Vice-President, Western Canada at Eagle

Getting Better at This Will Improve Your Relationships with Clients and Recruitment AgenciesPeople crave feedback.  Most of us would prefer positive feedback but we know that the negative feedback is important too.  It may not be what you want to hear, but what you needed to hear.  For example, properly taken, feedback can give an IT professional the opportunity to make adjustments before a project gets too far off the tracks.  For this to work the best, one should solicit feedback early and often.

For independent contractors, feedback can be much more than just gathering ideas for improvement.  At its best, it is also about relationship building and requires you to be great at both receiving and giving.  When you are engaged in a discussion regarding feedback with your client or recruitment agency, you are saying that you care about the deliverable, that you care about the project, and that your good reputation and your relationship with the other entity is important as well.  It is hard to over-communicate in this respect.

As a staffing agency, Eagle cherishes our independent contractor partners that reach out to let us know how things are going — what’s going well and what could be better.  It keeps us in the loop and minimizes surprises.  We encourage our client contacts to do the same.   When we hear dissonance between the two sources, then we know we have an issue that needs to be worked out.  There’s often opportunity to “fix” an issue before it becomes a real problem.

Employment agencies do their best to connect at least once per month with the contractors that they have on assignment. If your recruiter reaches out to you to follow up, take that opportunity to really share how your assignment is shaping up.  It could be the best 20 minute investment of time that you make that day.

How to Tell a Client’s Employees They Suck

How to Tell a Client's Employees They SuckIt’s not unusual for independent contractors to suffer backlash from the full-time employees at their client site. You’re sometimes seen as a know-it-all who’s coming in to take their work. That means, that when there’s feedback to give and change to recommend, you’re likely to see some sort of resistance.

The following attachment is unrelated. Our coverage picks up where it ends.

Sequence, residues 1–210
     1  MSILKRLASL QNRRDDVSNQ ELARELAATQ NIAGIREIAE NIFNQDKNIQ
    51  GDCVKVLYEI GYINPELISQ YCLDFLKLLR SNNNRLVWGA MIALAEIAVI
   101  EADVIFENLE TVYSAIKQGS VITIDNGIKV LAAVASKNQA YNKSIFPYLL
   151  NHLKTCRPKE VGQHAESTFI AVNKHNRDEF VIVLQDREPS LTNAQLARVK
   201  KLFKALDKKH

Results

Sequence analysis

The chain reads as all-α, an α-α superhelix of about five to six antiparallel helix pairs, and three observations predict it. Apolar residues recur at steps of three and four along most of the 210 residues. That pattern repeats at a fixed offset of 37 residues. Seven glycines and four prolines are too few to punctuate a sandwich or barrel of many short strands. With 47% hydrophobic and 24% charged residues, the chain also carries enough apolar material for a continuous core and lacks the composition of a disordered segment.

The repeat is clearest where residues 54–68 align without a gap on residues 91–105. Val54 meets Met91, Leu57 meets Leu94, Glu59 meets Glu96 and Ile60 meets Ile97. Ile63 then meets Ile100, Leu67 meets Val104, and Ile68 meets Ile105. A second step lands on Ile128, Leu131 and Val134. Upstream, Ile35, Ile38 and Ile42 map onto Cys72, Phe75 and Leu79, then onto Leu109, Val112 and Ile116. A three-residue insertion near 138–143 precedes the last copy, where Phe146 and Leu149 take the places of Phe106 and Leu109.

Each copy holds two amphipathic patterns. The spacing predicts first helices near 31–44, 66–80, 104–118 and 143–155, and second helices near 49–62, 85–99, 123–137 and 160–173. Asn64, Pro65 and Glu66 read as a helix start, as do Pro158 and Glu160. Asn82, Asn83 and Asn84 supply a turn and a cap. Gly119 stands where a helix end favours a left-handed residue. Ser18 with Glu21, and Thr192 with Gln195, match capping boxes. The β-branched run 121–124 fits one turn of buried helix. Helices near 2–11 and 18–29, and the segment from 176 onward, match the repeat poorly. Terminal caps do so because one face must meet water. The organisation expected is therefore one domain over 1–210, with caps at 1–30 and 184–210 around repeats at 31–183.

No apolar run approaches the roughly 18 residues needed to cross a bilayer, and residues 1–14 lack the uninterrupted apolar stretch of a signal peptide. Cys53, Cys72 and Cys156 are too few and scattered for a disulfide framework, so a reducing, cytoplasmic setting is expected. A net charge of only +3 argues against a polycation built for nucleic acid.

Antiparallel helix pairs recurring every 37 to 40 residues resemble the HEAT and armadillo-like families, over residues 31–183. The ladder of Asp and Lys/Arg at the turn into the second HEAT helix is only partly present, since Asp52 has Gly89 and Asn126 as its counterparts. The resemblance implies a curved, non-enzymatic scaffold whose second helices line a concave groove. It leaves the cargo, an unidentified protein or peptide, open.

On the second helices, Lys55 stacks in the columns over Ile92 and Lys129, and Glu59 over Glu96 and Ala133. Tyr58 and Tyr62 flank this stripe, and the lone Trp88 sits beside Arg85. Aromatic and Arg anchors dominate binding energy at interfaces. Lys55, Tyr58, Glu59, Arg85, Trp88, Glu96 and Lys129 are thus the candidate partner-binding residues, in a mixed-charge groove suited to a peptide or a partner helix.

Delivering this sort of news is common for independent contractors, and many have mastered the art. For others, it’s still an uncomfortable situation or you always find it blowing up in your face. Here are a few simple pointers you can keep in mind next time you need to move a project in a different direction.

Don’t Assume They’re Wrong

It’s important to remain humble and accept that there may be more than just one way (your way) to do something. There are many variables involved in any decision, and whichever choice you disagree with may have also had some factors associated with it. Ensure you understand the full picture, including all of the client’s goals, resources and limitations, to better understand why they’re going in the direction they selected. If you still think they’re on the wrong track, then this exercise may help you uncover the root of the problem or develop a better fitting solution.

Prepare an Effective Feedback Strategy

Before you start explaining how you disagree, ensure that you’ve set up an environment and scenario where your feedback will be understood and compelling. For example, is it something that needs to be said to only one person in private, or do you need to call a meeting to discuss it with an entire team? You also need to consider timing. Providing the feedback immediately will keep the project from continuing in the current direction, but casually mentioning it in the lobby won’t allow for optimal communication. Finally, especially if your comments have potential to start a heated disagreement, refrain from email at all costs; the tone will never come across as you desired.